Terry Eagleton’s writing proceeds by jokey elaboration, winking asides, and absurdist flights of fancy. It’s fun, but frustrating.

Copyright © 2017 Arts and Letters Daily, All rights reserved.

 

Ancient Mariner

[1] See recent posts, Samples that confirm Harari 3-9-17 and Yuval Noah Harari talks about the Future 2-22-17.

[2] See: http://us9.campaign-archive1.com/?u=8cbd654fc43afe6be9455ae3b&id=07ca33e09e&e=af427aa89f

Samples that confirm Harari

A few posts ago, mariner introduced the writings of Yuval Noah Harari, a renowned futurist who has provided books, articles, lectures and opinions about how to interpret today’s reality and project the interpretations into mankind’s future. His new book is Homo Deus; he was interviewed in The Atlantic magazine for February 2017.

Harari takes a simplistic view of humanity, saying that humans may think fancy thoughts in the frontal lobe, but human behavior does not roam far from opinions controlled in the Hindbrain (Reptilian Brain). As you might guess from its name, it’s a piece of brain anatomy that we share with reptiles and is the most primitive. It’s in charge of our primal instincts and most basic functions – things like the instincts of survival, dominance, and mating. Freed from obedience to history books alone, Harari can project very broad patterns that are predetermined by the hindbrain. [think Donald]

Harari’s book is one of several new books on our culture, economy, morality and politics that, even as a small amount of material, provides the new core concepts that are driving H. sapiens history today and tomorrow. The handful of books is a fine college ‘major’ that will prepare you for judging new and sometimes disturbing values. Although touted as college material, all the sources are pleasant and frequently entertaining texts.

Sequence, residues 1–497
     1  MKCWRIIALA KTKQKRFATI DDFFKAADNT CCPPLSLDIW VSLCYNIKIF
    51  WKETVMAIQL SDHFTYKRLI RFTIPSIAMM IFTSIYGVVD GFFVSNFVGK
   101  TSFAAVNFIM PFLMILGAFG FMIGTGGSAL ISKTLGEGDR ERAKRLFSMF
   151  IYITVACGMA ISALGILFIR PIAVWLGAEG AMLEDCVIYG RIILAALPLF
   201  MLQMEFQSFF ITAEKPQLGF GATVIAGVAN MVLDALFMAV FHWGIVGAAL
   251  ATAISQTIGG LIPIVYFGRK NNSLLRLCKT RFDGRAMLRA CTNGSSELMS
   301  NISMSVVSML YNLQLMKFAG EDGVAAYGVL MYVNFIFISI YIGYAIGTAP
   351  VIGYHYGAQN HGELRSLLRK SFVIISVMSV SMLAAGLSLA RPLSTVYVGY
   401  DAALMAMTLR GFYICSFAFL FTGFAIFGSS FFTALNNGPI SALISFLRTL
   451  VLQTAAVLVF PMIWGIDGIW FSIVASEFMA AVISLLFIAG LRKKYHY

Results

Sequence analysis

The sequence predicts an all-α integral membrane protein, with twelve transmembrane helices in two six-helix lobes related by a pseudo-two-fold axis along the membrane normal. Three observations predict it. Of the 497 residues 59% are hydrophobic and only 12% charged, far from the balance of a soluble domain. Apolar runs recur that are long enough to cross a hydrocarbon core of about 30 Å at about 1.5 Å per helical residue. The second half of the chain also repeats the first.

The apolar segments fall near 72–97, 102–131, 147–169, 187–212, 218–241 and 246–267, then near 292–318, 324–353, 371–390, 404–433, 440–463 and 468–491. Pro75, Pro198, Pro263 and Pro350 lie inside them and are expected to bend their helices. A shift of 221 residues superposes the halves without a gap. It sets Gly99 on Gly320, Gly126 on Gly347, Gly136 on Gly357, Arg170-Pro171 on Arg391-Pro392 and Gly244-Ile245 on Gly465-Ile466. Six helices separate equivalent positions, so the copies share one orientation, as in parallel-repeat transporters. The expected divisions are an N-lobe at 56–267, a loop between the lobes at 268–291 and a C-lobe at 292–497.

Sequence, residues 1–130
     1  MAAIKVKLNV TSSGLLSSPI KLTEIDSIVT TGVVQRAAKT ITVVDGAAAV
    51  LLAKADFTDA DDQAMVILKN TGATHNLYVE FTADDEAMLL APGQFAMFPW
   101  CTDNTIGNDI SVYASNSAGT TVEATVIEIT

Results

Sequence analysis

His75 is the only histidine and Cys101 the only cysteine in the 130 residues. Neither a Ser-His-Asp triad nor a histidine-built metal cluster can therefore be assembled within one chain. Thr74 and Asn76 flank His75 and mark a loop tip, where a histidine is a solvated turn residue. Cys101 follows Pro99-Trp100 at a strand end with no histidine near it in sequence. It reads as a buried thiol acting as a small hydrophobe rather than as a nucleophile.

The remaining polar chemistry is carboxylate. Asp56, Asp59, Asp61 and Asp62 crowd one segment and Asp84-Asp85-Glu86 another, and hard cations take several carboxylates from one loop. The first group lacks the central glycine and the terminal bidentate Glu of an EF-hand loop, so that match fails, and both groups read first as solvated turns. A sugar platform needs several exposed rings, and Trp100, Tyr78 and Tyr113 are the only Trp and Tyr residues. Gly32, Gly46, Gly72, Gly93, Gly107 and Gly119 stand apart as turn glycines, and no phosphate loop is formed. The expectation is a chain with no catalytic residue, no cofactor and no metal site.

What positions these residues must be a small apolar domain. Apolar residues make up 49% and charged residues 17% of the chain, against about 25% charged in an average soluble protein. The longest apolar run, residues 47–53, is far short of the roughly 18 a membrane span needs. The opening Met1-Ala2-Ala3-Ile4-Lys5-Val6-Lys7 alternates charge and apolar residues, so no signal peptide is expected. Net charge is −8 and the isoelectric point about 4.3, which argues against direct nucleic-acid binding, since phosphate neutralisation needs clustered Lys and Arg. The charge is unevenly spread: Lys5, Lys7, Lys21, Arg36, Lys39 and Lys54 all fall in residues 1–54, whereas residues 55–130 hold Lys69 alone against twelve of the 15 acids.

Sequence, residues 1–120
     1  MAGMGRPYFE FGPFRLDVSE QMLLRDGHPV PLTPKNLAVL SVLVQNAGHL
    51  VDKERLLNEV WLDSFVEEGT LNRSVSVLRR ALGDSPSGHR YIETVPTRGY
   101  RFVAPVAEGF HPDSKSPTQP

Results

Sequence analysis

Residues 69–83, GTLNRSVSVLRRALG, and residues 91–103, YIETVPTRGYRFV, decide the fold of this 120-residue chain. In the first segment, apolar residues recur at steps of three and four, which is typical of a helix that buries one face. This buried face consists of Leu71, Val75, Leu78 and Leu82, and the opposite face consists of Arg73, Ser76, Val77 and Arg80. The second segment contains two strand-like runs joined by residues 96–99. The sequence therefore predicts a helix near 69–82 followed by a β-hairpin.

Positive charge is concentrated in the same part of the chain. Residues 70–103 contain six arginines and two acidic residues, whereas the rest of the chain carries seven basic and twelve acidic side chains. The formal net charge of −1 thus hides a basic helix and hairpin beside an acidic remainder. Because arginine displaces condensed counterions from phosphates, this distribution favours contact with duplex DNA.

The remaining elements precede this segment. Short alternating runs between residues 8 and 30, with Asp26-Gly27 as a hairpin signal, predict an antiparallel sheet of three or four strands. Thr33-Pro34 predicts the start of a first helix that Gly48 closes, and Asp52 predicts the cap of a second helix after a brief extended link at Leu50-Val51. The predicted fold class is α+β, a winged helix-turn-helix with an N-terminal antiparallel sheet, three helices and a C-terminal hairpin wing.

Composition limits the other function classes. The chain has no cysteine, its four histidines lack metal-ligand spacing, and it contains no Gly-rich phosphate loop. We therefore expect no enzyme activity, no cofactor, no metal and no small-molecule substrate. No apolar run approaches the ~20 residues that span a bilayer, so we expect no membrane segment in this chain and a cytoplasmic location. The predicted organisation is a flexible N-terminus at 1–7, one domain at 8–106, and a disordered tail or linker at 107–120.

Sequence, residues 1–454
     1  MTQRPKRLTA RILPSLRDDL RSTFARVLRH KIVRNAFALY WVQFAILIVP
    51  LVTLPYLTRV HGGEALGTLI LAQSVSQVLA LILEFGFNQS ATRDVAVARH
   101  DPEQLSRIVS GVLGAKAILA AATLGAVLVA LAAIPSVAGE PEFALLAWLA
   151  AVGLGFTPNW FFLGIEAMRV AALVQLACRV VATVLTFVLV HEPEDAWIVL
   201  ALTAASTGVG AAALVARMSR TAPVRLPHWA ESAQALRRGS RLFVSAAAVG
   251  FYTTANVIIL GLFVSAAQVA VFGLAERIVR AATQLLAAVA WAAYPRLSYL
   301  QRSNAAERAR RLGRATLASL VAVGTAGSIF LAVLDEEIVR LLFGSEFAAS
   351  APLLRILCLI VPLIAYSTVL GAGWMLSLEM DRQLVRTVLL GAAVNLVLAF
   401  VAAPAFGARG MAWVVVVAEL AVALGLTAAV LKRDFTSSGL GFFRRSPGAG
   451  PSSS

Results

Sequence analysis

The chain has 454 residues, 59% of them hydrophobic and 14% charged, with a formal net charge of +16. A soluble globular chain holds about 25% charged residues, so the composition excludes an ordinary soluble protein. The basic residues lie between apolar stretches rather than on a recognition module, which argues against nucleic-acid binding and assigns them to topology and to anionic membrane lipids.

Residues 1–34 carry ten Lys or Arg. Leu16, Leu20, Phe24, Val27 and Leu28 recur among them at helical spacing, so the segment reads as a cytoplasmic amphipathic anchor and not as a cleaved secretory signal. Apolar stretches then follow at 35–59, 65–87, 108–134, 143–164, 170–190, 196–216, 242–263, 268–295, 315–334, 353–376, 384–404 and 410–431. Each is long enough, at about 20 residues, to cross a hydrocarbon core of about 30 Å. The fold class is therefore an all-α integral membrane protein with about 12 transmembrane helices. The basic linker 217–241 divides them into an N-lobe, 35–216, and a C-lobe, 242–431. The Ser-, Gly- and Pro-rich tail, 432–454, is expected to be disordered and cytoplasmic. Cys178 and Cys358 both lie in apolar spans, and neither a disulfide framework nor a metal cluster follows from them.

Mariner includes the above preface to aid in understanding the economic upheaval occurring today. There are two examples: the emergence of oligarchy and the phenomenon of the haves taking as much as they can from the have nots, specifically the Republican health care legislation designed to replace the Affordable Care Act AKA Obamacare or ACA.

The current emergence of oligarchy was launched by Ronald back in the 1980’s. It has exploded into our culture because of powerful advances in communication technology which naturally give an edge to those who have the resources to leverage rapid information; do not give credit for the healing GDP and historic stock prices to the election of Donald. Unpoliticized economists have long said the economy rises and falls regardless of who is President. Data storage and massive processing capability have allowed corporations to be virtually transportable, cutting costs and sending profits through the roof. Why hasn’t profit been shared with the lower income/little income/no income folks? Generalists say that this is just the cost of new economic growth; Harari says it’s the hindbrain protecting unfocused fears associated with survival and dominance – and sex if it applies. The hindbrain, incidentally, has little ability to manage morality; that’s managed by the limbic system. [think Donald]